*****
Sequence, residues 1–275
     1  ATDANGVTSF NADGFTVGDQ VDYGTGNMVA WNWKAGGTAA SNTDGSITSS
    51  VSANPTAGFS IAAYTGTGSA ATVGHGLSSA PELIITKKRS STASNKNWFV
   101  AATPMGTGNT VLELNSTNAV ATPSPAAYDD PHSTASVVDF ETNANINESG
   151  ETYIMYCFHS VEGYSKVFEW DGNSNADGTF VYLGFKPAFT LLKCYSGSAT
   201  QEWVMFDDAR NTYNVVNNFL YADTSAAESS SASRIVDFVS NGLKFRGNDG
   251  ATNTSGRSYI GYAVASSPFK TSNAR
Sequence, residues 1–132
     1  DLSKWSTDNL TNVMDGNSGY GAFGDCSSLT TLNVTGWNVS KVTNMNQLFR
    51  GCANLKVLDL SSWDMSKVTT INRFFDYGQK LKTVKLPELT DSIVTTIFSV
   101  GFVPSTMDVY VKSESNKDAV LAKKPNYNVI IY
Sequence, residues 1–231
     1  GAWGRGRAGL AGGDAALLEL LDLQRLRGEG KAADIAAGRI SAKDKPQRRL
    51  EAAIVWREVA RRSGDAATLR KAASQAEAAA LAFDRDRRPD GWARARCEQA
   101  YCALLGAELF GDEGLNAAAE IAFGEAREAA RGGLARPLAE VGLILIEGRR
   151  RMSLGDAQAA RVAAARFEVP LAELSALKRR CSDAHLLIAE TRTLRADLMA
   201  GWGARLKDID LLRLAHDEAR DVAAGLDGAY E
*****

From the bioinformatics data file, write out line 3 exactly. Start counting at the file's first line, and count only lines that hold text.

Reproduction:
    51  VSANPTAGFS IAAYTGTGSA ATVGHGLSSA PELIITKKRS STASNKNWFV